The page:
The indictment of General Gotovina is perceived in Croatia as an attack on Croatia's right to self-defense. What is your opinion?
I think this is an over-reaction. An indictment cannot change history. I have read the indictment and, although it is poorly constructed in technical terms, I think it is essentially correct. The prosecution's starting point is that individuals headed by President Tudman agreed to, and engaged in, a "criminal enterprise" aimed at ethnic cleansing of the Serbs. It is my belief that the main aim of the operation "Storm" was to liberate parts of Croatia and re-establish Croatian authority in them, and that ethnic cleansing was of secondary importance.
The prosecution, in my view, has defined the group involved too broadly, leading to the impression that all of the Croatian army, the whole of the Croatian government, all the local authorities, etc. united for a criminal purpose. That is not so. The majority of those who took part in the operation neither committed nor had any intention of committing a crime.
On the other hand, someone did commit crimes and in organized manner. There is no doubt about that. It seems that The Hague found it easier to generalize than to establish the actual chain of responsibility. The prosecutors did something similar in the case of Blaskic, when they said that everybody - from Tudman to Blaskic to the last HVO soldier - was involved in ethnic cleansing. We showed, however, that most soldiers behaved correctly, but that there was a separate line of command, going from politicians to special units, which led to the actual crime.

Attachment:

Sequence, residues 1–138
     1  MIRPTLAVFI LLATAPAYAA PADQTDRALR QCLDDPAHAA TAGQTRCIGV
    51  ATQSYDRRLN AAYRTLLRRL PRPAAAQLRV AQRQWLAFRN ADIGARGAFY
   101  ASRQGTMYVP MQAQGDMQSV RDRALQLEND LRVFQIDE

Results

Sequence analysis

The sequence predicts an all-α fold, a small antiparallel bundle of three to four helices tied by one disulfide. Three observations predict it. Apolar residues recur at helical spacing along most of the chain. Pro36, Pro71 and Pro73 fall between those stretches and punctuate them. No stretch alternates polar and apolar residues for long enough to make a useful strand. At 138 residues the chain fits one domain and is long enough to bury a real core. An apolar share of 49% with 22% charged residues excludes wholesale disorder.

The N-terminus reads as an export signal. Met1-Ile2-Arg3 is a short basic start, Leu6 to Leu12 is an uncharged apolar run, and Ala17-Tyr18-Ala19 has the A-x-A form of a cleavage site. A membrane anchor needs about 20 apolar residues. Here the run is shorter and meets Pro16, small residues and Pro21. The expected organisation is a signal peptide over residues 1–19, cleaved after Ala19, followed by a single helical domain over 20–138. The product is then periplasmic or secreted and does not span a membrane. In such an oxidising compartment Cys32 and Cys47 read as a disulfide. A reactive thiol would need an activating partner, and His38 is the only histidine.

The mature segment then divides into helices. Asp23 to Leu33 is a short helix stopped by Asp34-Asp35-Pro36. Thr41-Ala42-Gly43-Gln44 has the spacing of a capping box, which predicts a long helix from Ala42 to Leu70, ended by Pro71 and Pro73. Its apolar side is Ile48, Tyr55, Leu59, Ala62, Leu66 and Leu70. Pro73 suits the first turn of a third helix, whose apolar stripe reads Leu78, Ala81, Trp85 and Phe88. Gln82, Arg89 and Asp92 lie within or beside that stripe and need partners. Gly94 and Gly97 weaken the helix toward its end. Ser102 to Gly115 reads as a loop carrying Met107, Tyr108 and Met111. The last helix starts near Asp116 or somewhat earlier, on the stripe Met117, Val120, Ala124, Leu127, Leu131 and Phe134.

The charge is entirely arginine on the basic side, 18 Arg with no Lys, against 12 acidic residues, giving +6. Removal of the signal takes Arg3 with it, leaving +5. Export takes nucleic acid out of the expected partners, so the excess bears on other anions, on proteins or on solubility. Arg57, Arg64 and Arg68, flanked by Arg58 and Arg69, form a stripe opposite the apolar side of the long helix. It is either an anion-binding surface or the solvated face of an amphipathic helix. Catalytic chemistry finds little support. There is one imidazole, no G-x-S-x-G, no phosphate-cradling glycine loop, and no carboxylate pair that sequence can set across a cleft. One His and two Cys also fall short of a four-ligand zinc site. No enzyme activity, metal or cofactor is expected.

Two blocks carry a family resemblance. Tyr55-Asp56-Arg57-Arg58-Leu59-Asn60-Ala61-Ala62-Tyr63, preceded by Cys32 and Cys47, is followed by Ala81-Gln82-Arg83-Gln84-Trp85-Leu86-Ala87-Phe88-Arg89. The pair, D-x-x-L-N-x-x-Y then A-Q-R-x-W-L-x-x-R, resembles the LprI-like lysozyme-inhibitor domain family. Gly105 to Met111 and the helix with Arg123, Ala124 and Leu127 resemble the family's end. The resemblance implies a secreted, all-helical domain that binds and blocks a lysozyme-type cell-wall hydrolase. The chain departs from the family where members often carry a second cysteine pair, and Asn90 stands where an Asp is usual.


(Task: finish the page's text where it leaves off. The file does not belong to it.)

So I believe that this time too the prosecution has generalized too much. The defense should be able to prove that. I think, more generally, that Croatia has focused too much on Carla del Ponte. This is because her views have a decisive influence on Croatia's entry into the EU. The Croatian government, I think, would be well advised to distinguish between her role as prosecutor and her role as judge on whether Croatia is cooperating with the Hague tribunal. Thus in the Blaskic case, for example, we were able to win against her: even though Blaskic was accused of a most terrible crime, those charges could not be proved.
You have probably heard of demands that Bosnia-Hercegovina also charge Croatia with committing aggression [against B-H]. Do you think that would be justified?